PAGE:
How to Protect Your Laptop From Cold Weather

Severe winter chills can be alarming for anyone spending time outdoors, but they’re even more lethal for the technology we hold dear. From cold temperatures draining batteries to moisture wreaking havoc on internal components, it’s important to know the dangers of winter weather and how they can be addressed.
Laptops, in particular, are susceptible to damage. Often, they must endure the rigors of travel, not to mention the general wear and tear of everyday use. However, unlike smartphones, they’re frequently left unattended in bags or on their own, while other mobile devices remain on our person. As such, laptops require extra protection.
Worried about keeping laptops safe as cold weather takes over? These cold weather laptop tips should help:

Never Leave a Laptop in a Cold Vehicle Overnight

Regardless of the season, it’s never wise to leave valuables such as laptops in a car. It’s an especially bad idea in the winter when cold temperatures can put the deep freeze on a laptop in no time at all.
Even with the protection of a laptop bag or backpack, the cold winter air will make its way into every nook and cranny of any electronic device. While it may be tough to juggle groceries, children, and a laptop bag while coming in from the cold, doing so can limit the likelihood of suffering irreparable damage.

Don’t Use Your Laptop in Cold Temperatures

While it’s tempting to use a laptop in an ice fishing house, a drafty attic hideout, or while enjoying a hot beverage on the deck, it’s not a good idea. As previously mentioned, few things drain a lithium-ion battery faster than cold temperatures.
Not sure what is considered cold enough to damage a battery? Most experts agree that 40 degrees Fahrenheit is the breaking point when batteries degrade due to the cold. Where would it even be possible to use a laptop comfortably in such conditions? Unheated garages, attic spaces, or three-season porches can commonly drop below 40 degrees during the winter. Avoid these locations and keep laptops indoors instead.

Use a Waterproof Laptop Bag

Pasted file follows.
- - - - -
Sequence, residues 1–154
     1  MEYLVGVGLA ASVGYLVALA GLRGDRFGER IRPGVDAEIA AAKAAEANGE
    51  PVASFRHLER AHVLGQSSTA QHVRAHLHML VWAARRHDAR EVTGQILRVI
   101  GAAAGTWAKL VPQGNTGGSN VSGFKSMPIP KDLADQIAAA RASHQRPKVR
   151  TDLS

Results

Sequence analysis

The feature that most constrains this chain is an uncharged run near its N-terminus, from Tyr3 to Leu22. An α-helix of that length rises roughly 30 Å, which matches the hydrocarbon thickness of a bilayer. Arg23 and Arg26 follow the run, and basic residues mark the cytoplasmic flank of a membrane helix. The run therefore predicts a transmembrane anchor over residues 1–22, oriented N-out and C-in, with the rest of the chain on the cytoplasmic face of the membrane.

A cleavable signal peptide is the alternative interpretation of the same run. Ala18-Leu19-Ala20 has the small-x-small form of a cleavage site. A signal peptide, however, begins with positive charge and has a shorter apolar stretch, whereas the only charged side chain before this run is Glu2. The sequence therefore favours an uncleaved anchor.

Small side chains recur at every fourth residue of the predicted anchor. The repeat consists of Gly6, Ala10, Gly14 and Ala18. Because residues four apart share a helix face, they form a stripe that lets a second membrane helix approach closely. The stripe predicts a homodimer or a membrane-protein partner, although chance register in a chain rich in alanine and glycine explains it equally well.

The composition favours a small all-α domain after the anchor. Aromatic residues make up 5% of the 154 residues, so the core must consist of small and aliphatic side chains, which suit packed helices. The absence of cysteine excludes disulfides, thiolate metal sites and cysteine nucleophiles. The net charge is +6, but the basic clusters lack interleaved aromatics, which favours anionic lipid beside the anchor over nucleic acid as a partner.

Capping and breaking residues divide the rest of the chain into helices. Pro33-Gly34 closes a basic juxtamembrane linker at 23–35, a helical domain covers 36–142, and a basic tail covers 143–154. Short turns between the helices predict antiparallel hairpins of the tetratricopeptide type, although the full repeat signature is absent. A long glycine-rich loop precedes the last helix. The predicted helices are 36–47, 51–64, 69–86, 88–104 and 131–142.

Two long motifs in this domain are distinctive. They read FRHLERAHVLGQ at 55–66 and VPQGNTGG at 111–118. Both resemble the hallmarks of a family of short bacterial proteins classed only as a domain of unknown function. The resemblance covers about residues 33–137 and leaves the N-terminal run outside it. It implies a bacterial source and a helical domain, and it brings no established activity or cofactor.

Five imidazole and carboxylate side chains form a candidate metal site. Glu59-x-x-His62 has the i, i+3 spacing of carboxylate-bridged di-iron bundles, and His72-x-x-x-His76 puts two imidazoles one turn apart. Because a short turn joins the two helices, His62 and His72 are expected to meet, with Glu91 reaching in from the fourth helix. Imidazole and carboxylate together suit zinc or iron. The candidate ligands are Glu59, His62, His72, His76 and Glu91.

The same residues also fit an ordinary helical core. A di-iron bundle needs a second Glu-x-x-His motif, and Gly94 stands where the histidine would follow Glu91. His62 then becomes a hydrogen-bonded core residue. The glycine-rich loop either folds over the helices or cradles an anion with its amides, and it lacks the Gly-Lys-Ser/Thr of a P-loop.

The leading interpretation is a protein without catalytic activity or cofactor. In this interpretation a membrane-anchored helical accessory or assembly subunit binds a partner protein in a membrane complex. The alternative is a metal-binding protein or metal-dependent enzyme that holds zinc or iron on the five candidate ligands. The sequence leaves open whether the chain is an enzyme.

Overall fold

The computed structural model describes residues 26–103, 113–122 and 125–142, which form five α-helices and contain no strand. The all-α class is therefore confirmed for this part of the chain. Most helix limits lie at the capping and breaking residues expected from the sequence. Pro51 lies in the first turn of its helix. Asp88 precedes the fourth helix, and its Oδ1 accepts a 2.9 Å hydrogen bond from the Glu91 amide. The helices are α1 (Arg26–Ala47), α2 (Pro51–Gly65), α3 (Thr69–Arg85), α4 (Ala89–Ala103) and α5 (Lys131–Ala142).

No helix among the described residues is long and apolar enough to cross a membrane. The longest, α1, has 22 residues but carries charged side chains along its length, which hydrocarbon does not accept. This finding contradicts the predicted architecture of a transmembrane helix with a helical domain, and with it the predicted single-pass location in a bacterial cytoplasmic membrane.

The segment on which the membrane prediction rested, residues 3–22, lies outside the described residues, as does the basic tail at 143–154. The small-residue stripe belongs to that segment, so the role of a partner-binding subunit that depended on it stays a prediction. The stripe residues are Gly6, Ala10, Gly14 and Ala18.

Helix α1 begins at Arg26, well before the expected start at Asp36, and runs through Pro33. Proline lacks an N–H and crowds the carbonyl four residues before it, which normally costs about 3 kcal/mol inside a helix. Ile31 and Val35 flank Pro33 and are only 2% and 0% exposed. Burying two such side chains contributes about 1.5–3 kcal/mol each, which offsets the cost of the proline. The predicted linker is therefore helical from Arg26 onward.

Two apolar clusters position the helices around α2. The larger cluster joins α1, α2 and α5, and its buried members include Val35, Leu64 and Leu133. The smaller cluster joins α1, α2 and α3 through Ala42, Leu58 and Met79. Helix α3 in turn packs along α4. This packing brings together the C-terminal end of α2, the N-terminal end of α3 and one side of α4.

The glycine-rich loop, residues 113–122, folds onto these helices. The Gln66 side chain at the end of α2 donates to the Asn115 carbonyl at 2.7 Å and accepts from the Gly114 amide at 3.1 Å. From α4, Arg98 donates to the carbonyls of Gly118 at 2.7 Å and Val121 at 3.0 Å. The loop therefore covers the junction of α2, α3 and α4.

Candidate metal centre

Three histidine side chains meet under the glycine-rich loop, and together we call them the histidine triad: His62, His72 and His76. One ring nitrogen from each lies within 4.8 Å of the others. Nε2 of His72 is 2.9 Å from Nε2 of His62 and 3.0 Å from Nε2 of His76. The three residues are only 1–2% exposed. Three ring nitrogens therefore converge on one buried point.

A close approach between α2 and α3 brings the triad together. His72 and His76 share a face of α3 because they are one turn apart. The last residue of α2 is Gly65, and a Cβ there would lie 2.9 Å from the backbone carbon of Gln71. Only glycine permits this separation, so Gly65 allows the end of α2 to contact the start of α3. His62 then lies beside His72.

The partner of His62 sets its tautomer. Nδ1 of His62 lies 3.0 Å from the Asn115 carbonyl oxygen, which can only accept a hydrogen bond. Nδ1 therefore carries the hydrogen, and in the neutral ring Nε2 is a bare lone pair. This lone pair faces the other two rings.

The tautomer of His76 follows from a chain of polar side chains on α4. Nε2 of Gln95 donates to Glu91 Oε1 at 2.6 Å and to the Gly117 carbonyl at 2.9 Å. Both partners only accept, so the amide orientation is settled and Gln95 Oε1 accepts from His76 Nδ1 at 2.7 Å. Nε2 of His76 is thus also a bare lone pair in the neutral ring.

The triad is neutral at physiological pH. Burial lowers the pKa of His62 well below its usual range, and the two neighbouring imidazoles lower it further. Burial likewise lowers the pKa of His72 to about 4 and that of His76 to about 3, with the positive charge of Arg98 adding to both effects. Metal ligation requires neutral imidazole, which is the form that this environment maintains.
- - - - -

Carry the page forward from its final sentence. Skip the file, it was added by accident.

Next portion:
A waterproof laptop bag can protect beloved devices all year long. The same bag that guards against rain in the spring and summer can help keep out moisture from the snow during the winter.
However, these bags aren’t perfect, and leaving one in a snowbank or on the deck during a snowstorm will eventually allow moisture to find its way in.

Be Mindful of Surfaces

Excessive cold is by no means the only winter threat that plagues laptops. Believe it or not, these devices are also prone to overheating during the winter months.
Laptops overheat when the cooling vents on the bottom of the device become blocked or obstructed. Often, the surfaces on which they’re used are to blame. Fluffy, heavy blankets, for example, can block vents. Users who feel a little too toasty while using their laptop under the blankets should place their device on flat, smooth surfaces instead.

Allow Time for the Cold Laptop to Warm Up Gradually

Sometimes, there’s no choice but to use a laptop in a chilly room during the winter. If this is necessary, give the device time to warm up before using it. In most situations, five minutes should do the trick.
Another essential? Avoid bringing a laptop from a very warm room into a colder area. This change in temperature could create moisture inside the laptop, which is the ultimate enemy of electronic devices.

Protect Laptops Year-Round With Upsie Extended Warranties

Regardless of the season, Upsie provides the best protection for laptops. Upsie’s warranties ensure that customers have access to fast repairs or replacements. In addition, Upsie is affordable and often costs up to 70 percent less than warranties from retailers or manufacturers. Best of all, customers can make unlimited claims up to the purchase price of the device, ensuring that they get the most out of every claim.
Upsie offers exceptional warranties for a variety of beloved laptops, delivering the protection and peace of mind that customers deserve.

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* This article is over 6 months old and may or may not be updated.